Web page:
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Frequently Asked Questions



How does the City determine which streets and treatments to schedule for preventive maintenance work?

The appropriate maintenance treatment for a street is selected based on the street condition. In addition to visual inspections and nondestructive testing, software is used to perform a cost benefit analysis to ensure the treatments are applied at the right time in the pavement lifecycle. This allows the City to maximize available funding and ensure best results for the dollar. Effective and timely placement of the proper maintenance treatments can prevent much larger repair expenses in the future.

Why are some streets receiving street maintenance, but appear to be in really good condition?

Proper maintenance is what makes your car, house and street last so long. If an overlay is placed while a street is still in relatively good condition, the street will continue to function properly for many years. It is important to protect the Citys investment in the street system and maintain streets before they deteriorate beyond repair. Streets requiring complete reconstruction are extremely expensive. In 2011, the Street Maintenance Department will spend approximately 65% of the total budget to maintain good streets and 35% to reconstruct streets in poor condition.

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How will the program let the citizens know what is going on with street repair?

The City of Fort Collins is committed to keeping you informed of projects that will affect your neighborhood and your commute. If a project is scheduled for your neighborhood, the City will provide detailed dates, schedules and progress reports through door notices. We also work with project contractors to make sure that signs, such as no parking signs and message boards, are posted and visible and that these devices are placed and removed at appropriate times.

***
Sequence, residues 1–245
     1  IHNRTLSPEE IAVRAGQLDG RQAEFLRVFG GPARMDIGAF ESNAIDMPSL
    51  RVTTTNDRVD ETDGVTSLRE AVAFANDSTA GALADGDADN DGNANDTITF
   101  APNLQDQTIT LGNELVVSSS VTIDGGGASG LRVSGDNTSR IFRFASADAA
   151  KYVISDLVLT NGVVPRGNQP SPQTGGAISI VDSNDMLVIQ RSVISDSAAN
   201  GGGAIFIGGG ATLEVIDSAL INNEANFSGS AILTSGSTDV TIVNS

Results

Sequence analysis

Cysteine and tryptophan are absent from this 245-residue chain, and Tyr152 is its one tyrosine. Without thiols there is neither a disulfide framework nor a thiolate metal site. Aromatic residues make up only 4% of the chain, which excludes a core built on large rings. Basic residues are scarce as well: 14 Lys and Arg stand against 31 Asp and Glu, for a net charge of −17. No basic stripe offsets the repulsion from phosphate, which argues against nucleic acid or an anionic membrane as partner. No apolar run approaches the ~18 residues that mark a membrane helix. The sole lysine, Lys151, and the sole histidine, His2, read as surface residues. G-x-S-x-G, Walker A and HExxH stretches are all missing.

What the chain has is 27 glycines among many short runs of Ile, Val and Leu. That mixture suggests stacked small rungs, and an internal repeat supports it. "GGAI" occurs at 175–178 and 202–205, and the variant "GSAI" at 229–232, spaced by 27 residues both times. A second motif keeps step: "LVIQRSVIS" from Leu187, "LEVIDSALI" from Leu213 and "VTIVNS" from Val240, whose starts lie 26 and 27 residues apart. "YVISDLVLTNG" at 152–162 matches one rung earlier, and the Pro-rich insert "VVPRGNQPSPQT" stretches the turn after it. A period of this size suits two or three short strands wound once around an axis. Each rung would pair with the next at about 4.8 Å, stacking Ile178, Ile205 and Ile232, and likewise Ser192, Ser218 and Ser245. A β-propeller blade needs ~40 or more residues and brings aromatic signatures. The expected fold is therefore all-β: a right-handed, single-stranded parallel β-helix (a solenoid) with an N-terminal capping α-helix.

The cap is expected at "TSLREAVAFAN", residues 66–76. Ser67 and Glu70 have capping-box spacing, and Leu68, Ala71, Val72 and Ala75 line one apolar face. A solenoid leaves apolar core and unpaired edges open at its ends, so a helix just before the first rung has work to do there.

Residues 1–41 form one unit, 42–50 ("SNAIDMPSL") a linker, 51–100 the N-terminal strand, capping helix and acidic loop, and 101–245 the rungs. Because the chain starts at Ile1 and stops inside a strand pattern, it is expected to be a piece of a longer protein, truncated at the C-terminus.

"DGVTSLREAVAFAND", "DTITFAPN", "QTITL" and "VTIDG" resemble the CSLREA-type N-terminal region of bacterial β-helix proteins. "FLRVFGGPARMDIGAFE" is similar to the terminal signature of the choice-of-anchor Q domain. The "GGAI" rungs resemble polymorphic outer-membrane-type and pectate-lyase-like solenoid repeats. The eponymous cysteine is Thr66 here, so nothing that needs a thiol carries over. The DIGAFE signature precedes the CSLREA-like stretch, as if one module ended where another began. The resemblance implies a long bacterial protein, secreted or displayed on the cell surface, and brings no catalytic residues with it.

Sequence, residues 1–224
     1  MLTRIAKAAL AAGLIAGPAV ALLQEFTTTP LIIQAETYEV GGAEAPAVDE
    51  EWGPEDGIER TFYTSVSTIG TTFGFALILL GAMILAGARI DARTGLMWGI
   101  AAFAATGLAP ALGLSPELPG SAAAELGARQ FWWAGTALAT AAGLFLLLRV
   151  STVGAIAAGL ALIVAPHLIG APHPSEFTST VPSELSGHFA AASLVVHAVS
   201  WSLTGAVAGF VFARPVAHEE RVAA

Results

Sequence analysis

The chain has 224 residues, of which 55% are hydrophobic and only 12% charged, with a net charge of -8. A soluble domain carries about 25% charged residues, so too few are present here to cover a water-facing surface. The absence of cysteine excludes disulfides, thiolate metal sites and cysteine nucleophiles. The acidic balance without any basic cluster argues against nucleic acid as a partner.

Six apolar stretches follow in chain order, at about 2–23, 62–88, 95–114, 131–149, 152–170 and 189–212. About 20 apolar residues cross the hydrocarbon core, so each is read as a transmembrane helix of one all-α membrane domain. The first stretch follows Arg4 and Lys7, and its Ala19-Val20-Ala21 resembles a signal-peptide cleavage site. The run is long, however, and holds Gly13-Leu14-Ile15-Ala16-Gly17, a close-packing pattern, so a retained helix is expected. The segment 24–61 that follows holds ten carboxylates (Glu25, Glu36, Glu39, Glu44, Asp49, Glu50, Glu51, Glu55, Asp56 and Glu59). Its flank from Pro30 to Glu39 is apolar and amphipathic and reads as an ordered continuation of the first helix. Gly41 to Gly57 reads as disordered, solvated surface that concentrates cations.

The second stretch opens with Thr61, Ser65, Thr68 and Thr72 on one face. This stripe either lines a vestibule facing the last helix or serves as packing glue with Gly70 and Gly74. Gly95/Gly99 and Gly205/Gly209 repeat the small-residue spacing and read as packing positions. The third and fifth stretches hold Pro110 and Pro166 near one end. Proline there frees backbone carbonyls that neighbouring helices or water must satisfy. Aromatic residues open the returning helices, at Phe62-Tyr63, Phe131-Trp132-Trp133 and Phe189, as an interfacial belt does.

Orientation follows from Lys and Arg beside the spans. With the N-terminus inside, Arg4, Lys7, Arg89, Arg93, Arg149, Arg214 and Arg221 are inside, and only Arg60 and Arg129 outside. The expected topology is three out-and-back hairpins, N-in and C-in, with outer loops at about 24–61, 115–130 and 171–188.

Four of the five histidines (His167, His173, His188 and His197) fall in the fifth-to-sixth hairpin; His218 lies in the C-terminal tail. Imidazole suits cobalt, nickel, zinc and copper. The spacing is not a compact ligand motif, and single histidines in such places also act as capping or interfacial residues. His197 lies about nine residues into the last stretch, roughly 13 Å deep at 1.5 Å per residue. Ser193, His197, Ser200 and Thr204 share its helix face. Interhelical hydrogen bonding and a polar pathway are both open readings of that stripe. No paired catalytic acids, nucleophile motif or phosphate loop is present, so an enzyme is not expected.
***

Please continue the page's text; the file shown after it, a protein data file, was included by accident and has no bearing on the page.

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Why do some streets crack immediately after work has been completed?

As with any asphalt surface, reflection of larger cracks will occur. Thicker pavement will reduce moisture from seeping down to the subgrade/foundation. Slurry seal is a preventive maintenance and is designed to extend the life of a quality pavement. Slurry seal is designed to fill surface cracks in the asphalt however reflection of these cracks through the slurry seal is anticipated. The primary purpose of a Hot-in-Place Recycling treatment is to correct surface distresses not caused by structural inadequacy. Ruts and holes are filled, shoves and bums are leveled, drainage and crowns are re-established and street safety is enhanced through improved skid resistance.

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Who determines if speed bumps will be installed on a street?

This is handled by the City of Fort Collins Traffic Department. For additional information, please call 970-221-6630.

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Why does the City schedule construction during school times?